World-renowned cellist kicks off Steamboat symphony season
STEAMBOAT SPRINGS — Sara Sant’Ambrogio thinks of concerts as an intimate party.
“An intimate party, where I am the host,” she said. “I want everyone in the audience to leave feeling that all their senses have been touched and all their emotions have been thrilled.”
The world-renowned musician, whose father John Sant’Ambrogio is a Steamboat resident and accomplished cellist, will perform mostly solo pieces during the Steamboat Symphony Orchestra’s opening celebration and fundraiser taking the stage at 7:30 p.m. Saturday at the Chief Theater.
At the concert she will be performing music by Bach and Spanish composer Gaspar Cassado.
“I guarantee the audience will never have heard anything like it,” she said. “It’s totally haunting and emotional and sounds like there are three cellos and a chorus on stage. People have been going crazy over this piece, and it is very hard to bear it without feeling changed by it.”
Sant’Ambrogio will return to Steamboat on Sept. 15 and 16 to perform “Shostakovich Inspires” featuring Antonín Dvorak’s cello concerto, a popular cello concerto, as well as Dmitri Shostakovich’s fifth symphony, which is considered by many to be his most popular symphony.
Sant’Ambrogio is an American cellist who most likely can’t remember life before performing.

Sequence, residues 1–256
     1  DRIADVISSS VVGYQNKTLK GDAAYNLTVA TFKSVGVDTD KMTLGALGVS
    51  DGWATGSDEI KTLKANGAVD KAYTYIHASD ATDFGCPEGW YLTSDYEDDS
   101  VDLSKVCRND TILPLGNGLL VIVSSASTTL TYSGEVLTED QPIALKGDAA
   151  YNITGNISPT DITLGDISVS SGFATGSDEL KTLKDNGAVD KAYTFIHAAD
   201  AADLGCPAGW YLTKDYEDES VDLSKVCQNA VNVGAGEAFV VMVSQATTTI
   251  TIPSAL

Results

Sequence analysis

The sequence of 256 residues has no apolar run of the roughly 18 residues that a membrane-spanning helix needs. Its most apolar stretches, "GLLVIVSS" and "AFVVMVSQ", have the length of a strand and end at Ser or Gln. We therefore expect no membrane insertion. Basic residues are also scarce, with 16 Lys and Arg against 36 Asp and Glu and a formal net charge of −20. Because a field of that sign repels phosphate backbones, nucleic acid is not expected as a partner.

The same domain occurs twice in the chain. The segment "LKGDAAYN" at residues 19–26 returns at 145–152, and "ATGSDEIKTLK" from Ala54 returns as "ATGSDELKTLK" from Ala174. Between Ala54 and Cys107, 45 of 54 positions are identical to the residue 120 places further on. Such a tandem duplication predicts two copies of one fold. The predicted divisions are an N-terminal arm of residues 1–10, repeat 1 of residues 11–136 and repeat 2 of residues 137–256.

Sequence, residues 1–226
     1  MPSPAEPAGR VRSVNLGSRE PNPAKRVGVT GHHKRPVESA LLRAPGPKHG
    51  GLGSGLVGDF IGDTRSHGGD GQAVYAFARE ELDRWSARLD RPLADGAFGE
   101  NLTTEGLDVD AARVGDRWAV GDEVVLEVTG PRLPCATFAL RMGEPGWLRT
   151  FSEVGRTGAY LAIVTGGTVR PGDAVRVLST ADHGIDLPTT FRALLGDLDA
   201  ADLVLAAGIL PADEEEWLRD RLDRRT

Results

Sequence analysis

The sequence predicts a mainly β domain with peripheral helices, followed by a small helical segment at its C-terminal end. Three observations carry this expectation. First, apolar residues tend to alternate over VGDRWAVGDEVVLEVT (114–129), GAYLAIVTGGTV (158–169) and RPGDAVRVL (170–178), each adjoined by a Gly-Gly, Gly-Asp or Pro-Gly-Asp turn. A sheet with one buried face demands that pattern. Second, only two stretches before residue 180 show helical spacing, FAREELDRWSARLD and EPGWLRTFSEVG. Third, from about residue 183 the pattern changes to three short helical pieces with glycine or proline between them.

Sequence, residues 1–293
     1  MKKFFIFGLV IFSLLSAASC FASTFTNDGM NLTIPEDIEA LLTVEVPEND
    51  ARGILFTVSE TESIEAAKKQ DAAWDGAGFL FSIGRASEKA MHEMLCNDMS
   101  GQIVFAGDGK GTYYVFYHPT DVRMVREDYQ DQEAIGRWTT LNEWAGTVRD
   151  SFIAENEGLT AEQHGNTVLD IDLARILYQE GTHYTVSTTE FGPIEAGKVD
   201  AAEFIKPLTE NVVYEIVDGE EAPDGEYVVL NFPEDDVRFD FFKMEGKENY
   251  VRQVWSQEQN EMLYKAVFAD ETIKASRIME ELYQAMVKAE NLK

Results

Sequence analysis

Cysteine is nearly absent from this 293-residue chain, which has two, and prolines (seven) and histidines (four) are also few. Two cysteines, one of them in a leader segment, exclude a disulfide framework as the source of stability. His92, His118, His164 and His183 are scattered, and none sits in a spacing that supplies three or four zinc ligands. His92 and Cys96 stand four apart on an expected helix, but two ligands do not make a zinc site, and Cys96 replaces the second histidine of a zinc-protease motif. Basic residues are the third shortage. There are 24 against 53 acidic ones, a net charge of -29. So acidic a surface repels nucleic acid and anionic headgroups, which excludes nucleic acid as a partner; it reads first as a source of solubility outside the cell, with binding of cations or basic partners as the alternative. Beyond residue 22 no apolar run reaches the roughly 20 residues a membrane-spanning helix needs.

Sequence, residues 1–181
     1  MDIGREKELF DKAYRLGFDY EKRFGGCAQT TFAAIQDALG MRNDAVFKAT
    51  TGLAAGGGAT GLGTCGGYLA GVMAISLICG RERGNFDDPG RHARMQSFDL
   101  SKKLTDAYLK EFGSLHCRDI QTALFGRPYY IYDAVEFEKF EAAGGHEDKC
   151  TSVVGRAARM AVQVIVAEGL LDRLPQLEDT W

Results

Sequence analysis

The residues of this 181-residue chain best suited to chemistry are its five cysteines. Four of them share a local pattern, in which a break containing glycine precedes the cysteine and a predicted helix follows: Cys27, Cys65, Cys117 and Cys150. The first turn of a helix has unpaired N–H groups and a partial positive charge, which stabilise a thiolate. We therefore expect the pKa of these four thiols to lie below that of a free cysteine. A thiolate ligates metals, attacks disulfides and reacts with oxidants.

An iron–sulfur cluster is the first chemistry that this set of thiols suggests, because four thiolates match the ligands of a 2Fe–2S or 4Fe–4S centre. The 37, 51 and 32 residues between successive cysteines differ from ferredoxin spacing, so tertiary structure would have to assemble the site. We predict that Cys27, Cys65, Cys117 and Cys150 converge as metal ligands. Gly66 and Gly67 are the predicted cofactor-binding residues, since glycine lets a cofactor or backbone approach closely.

According to her bio, she auditioned at 16 for the Curtis Institute of Music in Philadelphia and was accepted. She then went on to the Juilliard School in New York City to study with Leonard Rose, who had been her father’s teacher years before.
“Music expresses the inexpressible,” Sant’Ambrosio said. “It has this magic transformational ability to turn any pain or sadness into something beautiful and life affirming.”
The cello, she said, gave her a voice when she was unable to speak for herself.
“There is a very deep sense of healing when you have a group of people all together experiencing the emotions of the composer transmuted through the emotions of the performer and received through the prism of the emotions and life experiences of the audience,” Sant’Ambrosio said. “In today’s society, we don’t get a chance to do that very often, and it can be an extraordinary experience.”
For those who balk at the thought of sitting through a classical concert due to no knowledge of Bach or Beethoven, fear not.
“You don’t need to know anything about classical music to immediately get into and enjoy this music,” Sant’Ambrosio said. “I will be talking about the music and the journey we are taking together throughout the performance and this provides a door into the experience.”
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